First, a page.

If you are pulled over on reasonable suspicion of DUI, the officer will likely request that you step out of the vehicle to perform a series of exercises called Field Sobriety Tests (FSTs), also known as Field Sobriety Exercises (FSEs). The purpose of FSTs is for the officer to determine if there is probable cause to make an arrest. The National Highway Traffic Safety Administration (NHTSA) has established a set of three exercises to test mental and physical performance:
The Three Standardized Field Sobriety Tests
Horizontal Gaze Nystagmus Test
If you decided to accept the request of a Field Sobriety Test, the officer will commonly begin by administering the Horizontal Gaze Nystagmus Test (HGN). The officer will pull out a penlight and ask you to look at the light without moving your head. The officer will move the light about one foot away from your face. The idea is that your eyes are supposed to jerk as they move (known as “nystagmus”) if you have been drinking, instead of following the light smoothly.
NOTE: Even though the HGN is almost always given (and administered first), it has come under criticism for being an inaccurate indicator of impairment. A significant portion of the population naturally exhibits nystagmus when sober, and the test has been shown to be unreliable when it is not administered by a qualified individual. As such, there are only a handful of qualified police officers (known as Drug Recognition Experts) who can testify at trial about a defendant’s performance on the test. In fact, some courts in Florida won’t even allow the HGN as evidence.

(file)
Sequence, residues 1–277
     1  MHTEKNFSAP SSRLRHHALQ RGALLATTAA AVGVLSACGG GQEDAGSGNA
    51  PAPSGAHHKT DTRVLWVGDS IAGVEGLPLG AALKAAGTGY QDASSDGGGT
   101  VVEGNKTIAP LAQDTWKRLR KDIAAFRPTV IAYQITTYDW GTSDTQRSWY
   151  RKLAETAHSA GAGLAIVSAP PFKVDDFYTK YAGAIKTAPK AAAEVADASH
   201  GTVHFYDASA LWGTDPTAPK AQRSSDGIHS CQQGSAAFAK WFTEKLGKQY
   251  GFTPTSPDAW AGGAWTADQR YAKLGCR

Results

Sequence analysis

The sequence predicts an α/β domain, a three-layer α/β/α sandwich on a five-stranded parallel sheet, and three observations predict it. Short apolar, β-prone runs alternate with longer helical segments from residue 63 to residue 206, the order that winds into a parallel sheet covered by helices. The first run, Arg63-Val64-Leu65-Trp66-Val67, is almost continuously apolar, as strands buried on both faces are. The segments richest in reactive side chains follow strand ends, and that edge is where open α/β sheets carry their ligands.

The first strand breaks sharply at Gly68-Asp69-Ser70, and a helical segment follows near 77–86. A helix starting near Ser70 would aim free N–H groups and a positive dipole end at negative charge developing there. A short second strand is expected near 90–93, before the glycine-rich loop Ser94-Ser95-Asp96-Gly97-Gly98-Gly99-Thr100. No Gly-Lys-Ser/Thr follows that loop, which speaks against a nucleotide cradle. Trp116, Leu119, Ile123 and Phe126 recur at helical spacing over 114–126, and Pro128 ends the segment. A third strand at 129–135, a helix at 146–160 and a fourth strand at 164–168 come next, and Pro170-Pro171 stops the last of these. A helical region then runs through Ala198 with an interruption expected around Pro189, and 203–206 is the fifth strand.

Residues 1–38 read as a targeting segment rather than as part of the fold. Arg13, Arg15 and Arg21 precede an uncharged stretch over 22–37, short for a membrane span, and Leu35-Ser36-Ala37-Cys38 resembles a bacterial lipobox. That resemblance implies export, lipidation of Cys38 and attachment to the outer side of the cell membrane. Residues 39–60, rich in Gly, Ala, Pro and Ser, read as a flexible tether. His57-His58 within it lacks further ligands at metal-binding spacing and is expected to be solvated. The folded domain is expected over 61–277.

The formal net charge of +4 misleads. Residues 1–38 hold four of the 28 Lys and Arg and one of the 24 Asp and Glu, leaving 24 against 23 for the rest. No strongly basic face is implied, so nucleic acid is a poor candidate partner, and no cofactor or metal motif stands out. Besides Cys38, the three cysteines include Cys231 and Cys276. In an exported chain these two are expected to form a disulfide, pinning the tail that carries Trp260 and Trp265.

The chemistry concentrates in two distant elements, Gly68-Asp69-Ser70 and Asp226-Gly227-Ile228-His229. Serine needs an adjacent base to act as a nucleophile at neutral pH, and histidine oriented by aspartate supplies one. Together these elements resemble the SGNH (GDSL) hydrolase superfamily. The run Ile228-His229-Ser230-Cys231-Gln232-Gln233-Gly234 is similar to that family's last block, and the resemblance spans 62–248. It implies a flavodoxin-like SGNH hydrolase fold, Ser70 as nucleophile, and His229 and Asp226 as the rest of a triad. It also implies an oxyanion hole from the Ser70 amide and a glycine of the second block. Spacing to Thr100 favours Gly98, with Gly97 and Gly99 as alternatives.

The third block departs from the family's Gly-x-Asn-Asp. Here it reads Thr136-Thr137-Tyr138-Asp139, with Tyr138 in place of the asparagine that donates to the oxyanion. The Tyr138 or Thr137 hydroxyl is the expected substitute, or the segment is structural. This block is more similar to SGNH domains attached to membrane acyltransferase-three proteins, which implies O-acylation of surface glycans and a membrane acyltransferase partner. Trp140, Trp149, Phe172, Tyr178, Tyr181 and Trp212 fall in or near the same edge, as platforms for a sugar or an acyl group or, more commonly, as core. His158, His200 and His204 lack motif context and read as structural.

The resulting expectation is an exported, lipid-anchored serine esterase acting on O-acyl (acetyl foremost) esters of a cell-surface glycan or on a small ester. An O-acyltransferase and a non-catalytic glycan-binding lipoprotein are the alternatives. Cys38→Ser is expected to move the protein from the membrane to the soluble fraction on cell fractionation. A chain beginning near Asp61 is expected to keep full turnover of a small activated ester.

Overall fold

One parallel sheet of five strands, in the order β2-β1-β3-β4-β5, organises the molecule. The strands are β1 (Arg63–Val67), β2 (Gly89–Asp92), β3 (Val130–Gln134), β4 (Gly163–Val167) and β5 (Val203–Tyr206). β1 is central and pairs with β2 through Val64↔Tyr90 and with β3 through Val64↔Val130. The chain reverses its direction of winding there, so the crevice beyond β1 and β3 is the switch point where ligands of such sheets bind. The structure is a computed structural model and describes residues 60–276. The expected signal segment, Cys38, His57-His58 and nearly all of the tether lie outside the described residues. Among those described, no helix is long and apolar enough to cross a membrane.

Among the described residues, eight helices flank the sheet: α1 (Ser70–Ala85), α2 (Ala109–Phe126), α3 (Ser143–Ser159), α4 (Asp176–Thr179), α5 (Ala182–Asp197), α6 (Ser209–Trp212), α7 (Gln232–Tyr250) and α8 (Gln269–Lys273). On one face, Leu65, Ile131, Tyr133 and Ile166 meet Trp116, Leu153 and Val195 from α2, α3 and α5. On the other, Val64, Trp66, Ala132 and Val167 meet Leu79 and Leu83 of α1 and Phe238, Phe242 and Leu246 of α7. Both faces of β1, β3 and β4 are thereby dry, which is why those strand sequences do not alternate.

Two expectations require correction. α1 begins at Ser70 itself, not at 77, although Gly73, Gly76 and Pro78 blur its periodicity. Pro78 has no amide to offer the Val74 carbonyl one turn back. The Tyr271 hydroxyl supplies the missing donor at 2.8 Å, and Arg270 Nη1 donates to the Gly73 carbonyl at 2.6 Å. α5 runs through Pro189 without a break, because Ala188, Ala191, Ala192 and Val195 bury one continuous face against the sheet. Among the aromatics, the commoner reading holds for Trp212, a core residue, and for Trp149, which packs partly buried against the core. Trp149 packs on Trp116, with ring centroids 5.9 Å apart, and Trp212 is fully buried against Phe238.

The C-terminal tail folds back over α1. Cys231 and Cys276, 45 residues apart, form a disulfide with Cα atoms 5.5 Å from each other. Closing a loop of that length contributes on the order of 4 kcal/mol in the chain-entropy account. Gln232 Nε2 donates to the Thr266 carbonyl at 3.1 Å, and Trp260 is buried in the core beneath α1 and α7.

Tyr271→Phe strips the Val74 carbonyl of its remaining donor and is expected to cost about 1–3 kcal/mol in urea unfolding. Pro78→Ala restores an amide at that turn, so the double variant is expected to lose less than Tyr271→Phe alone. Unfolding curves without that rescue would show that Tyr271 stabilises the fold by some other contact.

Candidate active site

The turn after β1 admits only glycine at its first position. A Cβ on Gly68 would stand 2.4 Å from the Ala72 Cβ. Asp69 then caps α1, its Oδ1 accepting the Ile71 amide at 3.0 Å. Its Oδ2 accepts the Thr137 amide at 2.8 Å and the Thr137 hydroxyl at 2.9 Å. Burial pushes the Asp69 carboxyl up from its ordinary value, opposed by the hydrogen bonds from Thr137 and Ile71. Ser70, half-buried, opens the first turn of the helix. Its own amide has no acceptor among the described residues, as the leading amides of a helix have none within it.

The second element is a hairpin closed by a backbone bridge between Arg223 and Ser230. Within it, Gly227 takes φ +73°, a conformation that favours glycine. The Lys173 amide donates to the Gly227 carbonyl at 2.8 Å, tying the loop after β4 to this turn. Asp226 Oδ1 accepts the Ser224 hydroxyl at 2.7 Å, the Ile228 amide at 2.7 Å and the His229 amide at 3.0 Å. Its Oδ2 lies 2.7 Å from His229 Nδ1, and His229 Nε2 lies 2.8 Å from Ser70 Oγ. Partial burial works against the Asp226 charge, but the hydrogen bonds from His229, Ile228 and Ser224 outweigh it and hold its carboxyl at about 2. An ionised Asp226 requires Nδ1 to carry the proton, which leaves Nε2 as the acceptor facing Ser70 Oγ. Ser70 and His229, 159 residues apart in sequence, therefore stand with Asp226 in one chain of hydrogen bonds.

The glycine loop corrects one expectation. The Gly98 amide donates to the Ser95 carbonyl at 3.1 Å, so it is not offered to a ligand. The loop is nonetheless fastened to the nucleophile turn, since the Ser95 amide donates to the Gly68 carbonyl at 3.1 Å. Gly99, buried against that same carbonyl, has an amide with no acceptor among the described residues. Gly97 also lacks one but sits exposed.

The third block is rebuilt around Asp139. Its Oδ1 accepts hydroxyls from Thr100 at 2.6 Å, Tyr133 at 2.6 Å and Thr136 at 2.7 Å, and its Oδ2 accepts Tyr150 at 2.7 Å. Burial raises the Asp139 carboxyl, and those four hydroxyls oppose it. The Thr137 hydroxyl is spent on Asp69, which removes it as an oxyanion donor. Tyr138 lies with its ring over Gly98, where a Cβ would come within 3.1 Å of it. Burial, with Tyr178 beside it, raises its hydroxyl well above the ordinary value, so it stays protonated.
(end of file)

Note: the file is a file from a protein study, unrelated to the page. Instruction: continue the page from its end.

Walk and Turn
The next test an officer routinely gives is the “Walk and Turn.” The officer will ask you to walk in a straight line heel-to-toe for nine steps. After, the officer will ask you to make a tight turn (often in an unusual manner) and then walk back nine steps.
NOTE: Officers are recording every error you make such as using your hands for balance, incorrect turning, taking an incorrect number of steps, and even starting before you are supposed to.
One Leg Stand
If the officer administers the One Leg Stand test, you will be asked to balance on one leg and count to 30 seconds.
NOTE: Officers are observing every error you make, including poor balance and counting too fast or too slow.
Should I take a Field Sobriety Test?
If an officer asks you to perform the Field Sobriety Test, you have the right to say no. If you refuse to take an FST, then the officer can still take your refusal and his other observations as evidence against you and conduct an arrest. However, without evidence of your performance on the FSTs, it becomes more difficult to prosecute your case. Please note that your refusal may be admitted into court as evidence against you.